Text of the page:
Once you've decided on a plan, you'll have to cut your PVC pipe down to the correct sizes.  A handsaw will work fine, although I had to substitute a hacksaw after I couldn't find mine in the garage.  It's important to make straight cuts, so that your pipe will fit nicely into the connectors, and that when you drill holes to reinforce it later you won't accidently drill past the end of the insert pipe.

Step 3:

Come Together

  1. Gluing a joint. It helps if it is clean, but this picture was actually a fix, not the original construction.
  2. Cover both the outside of the pipe as well as the inside of the connector. Allow them time to dry before playing or reinforcing the joint with wire.
  3. Duck tape repair fail.
Now that the pieces are cut, it's time to glue everything together.  I recommend putting it together without glue to make sure everything fits properly before you start.  Once it's together, pull apart a joint and put the cement on both the inside of the connector as well as the outside of the pipe.  Put the pipe in place, and make sure it is placed as far into the connector as possible.  Once you have everything glued together, double check all the joints, and let it set up for a while.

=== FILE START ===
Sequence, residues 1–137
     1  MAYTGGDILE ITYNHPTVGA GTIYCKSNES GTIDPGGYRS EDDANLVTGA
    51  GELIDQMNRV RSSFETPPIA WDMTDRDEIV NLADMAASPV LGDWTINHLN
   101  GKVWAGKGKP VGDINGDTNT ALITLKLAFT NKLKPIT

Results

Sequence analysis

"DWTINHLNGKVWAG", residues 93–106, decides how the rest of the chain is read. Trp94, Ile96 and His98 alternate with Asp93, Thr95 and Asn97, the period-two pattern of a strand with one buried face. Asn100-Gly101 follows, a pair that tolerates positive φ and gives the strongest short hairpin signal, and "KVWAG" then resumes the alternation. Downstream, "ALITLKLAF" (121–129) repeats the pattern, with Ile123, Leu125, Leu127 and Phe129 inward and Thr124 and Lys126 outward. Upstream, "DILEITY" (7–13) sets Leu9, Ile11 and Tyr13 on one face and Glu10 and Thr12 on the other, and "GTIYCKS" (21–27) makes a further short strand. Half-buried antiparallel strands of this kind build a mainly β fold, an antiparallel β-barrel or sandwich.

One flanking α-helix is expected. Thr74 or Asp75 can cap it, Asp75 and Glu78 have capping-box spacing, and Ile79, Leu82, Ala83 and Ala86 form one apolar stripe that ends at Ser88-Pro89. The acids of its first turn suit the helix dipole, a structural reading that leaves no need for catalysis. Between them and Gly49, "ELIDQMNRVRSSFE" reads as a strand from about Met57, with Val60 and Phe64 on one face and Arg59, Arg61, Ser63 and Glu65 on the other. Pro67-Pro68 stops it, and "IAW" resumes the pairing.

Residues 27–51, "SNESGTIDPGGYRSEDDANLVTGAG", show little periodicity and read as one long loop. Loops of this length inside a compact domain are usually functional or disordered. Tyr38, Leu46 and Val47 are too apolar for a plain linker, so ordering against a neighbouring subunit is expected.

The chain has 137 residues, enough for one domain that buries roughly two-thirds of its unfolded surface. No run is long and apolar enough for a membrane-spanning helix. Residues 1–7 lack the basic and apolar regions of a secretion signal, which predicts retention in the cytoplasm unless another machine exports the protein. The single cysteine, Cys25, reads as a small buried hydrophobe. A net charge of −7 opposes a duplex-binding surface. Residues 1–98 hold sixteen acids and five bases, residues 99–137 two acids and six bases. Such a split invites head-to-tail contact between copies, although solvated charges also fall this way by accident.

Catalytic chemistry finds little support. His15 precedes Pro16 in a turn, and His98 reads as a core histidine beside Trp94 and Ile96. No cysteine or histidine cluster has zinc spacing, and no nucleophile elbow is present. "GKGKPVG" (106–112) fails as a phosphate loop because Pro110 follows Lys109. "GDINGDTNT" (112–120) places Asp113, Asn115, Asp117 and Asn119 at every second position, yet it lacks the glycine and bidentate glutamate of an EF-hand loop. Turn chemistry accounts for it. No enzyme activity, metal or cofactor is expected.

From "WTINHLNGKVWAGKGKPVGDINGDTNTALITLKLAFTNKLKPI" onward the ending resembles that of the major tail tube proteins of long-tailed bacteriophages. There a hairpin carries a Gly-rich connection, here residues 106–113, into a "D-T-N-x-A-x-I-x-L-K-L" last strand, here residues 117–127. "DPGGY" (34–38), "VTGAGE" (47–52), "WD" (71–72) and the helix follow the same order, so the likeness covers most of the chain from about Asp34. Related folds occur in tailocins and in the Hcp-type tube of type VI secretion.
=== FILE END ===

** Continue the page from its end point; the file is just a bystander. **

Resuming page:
Step 4:

Reinforce the Connections

  1. T-connector after PVC has been glued together. Repeated hits would break up the glue, thus the need for reinforcing the joints.
After a few times playing with our new goals, the PVC glue started to fail in some of the more stressed joints.  Our first attempt to rectify this involved duck tape, which marks the only time i have ever heard of duck tape failing to fix a problem.  Tired of trying to fix the goals each time before we played, I decided some galvanized wire would permantly fix the problem.  The white duck tape over the top of the wire helps to protect hands and soccer balls from running into the pointy ends, as well as adding some style.  When drilling and connecting the wire, always run it to the backside of the goals.  If you wanted goals that you could collapse, you could also replace strategic joints with bolts that could be disassembled when you're done.

Step 5:

Adding the Net

  1. The netting we used is plenty strong to stop the ball, but it tears where you connect it to the goal. Look for something a little thicker, or even make your own.
We initially just bought some cheap fish-net and cut it to the correct size and used zip ties to connect it to the PVC.  However, we quickly learned the zip ties tore through and our nets leaving them mostly useless after a couple of times playing.